4. Singles have the option of marriage (7:36-40). This is a particularly difficult paragraph because the Greek is ambiguous and it’s impossible to know for sure whether he’s talking about a marriage arranged by a parent or a voluntary one between a man and his fiancée. I believe the man in view is the fiancé of the virgin, who is considering the possibility of marriage with her. These verses then summarize what Paul has already taught. In my estimation, the best English translations of these verses are found in the ESV, NRSV, and NLT. I will provide the NRSV rendering of 7:36-38: “If anyone thinks that he is not behaving properly toward his fiancee,13 if his passions are strong, and so it has to be, let him marry as he wishes; it is no sin. Let them marry. But if someone stands firm in his resolve, being under no necessity but having his own desire under control, and has determined in his own mind to keep her as his fiancee, he will do well. So then, he who marries his fiancee does well; and he who refrains from marriage will do better.” Paul’s point is that an engaged couple is free to decide whether to marry or remain single. Everyone likes to have the freedom to choose, so here Paul leaves the choice up to believers. Both options are viable and permissible.

    In 7:39-40, Paul concludes this chapter and his section on marriage and singleness with these words:

    “A wife is bound as long as her husband lives; but if her husband is dead, she is free to be married to whom she wishes, only in the Lord. But in my opinion she is happier if she remains as she is; and I think that I also have the Spirit of God.” Paul wants to leave the topic of marriage, divorce, and remarriage with an emphasis on his two most important thoughts: marriage is for life and Christians should only marry Christians. Married people and singles both need to come to grips with these points. Of course, he isn’t here dealing with the two biblical exceptions: sexual immorality (Matt 5:32; 19:9) and desertion (1 Cor 7:12-16). He is envisioning the ideal circumstances—death is the only condition that frees a person for remarriage. Even then the freedom is not total, for a believer is to marry only another believer, whether it’s a first marriage or a second. That doesn’t mean simply that one must marry a person who believes in God; rather, it means the potential marriage partner must have a personal relationship with Jesus Christ. I would also urge every widow (or widower) to only remarry a spouse that is at least a spiritual equal.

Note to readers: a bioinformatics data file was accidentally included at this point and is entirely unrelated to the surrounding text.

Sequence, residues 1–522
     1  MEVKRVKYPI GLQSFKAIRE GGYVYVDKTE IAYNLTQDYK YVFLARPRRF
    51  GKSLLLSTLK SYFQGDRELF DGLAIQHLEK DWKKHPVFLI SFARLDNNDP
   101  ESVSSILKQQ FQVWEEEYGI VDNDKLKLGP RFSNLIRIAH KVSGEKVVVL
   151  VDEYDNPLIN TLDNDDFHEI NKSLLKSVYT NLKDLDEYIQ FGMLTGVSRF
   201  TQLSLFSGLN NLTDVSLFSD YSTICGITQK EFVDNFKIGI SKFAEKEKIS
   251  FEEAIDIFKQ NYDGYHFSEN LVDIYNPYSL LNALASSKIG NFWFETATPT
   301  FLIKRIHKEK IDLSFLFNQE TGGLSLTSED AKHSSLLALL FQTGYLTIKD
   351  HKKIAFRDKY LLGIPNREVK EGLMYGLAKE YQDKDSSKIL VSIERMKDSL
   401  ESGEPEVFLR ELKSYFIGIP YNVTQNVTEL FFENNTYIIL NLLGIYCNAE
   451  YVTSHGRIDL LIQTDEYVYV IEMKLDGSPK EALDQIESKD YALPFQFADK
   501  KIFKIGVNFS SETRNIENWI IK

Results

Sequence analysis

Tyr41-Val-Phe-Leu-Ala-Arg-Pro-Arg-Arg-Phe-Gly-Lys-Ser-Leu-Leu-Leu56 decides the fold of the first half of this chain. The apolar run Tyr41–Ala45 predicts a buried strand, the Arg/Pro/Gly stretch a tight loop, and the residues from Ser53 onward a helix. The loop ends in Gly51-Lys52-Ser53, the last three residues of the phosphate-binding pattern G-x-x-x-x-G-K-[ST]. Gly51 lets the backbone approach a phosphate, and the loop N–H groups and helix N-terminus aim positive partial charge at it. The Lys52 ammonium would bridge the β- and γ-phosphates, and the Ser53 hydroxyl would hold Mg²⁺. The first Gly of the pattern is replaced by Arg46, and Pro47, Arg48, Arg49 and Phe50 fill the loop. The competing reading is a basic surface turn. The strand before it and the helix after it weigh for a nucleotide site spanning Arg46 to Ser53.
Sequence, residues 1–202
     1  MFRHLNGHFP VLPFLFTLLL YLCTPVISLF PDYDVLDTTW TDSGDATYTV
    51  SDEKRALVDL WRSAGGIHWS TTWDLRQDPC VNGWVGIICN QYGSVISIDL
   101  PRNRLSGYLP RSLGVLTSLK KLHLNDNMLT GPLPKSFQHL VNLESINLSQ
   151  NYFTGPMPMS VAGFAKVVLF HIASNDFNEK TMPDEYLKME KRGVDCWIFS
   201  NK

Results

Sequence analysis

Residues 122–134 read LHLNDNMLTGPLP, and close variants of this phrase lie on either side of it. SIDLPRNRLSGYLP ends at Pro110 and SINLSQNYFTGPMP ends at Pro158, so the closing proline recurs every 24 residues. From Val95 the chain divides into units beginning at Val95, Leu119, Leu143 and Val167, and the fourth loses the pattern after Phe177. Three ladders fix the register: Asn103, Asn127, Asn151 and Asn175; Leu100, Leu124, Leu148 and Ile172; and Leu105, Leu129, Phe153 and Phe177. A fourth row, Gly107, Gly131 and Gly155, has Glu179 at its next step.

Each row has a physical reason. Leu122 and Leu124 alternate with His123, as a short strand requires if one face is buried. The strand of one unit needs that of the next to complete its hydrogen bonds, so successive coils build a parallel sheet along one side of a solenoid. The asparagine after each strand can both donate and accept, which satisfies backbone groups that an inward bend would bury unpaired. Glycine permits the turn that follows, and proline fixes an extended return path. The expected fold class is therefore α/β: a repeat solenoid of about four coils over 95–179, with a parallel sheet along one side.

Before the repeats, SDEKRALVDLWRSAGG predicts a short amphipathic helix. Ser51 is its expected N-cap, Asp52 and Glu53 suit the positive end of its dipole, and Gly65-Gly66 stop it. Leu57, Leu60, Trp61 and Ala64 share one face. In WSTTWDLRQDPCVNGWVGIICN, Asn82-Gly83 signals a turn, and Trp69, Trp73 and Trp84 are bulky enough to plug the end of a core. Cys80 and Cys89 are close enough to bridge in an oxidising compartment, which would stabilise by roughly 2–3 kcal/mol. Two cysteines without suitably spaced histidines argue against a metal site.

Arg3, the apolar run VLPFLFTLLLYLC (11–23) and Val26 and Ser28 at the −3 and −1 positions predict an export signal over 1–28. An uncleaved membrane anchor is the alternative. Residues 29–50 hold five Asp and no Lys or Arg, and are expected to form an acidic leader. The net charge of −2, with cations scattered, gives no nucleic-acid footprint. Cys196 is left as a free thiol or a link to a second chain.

The truth is there are many excellent reasons to not marry. It is better not to marry…

    than to marry a nonbeliever.14

    than to marry someone who will hinder your relationship with Christ or your service for Him.

    than to marry someone without the commitment to give completely of yourself to that person.

    than to marry for the wrong motive.

    than to marry at all, if you have the gift of celibacy.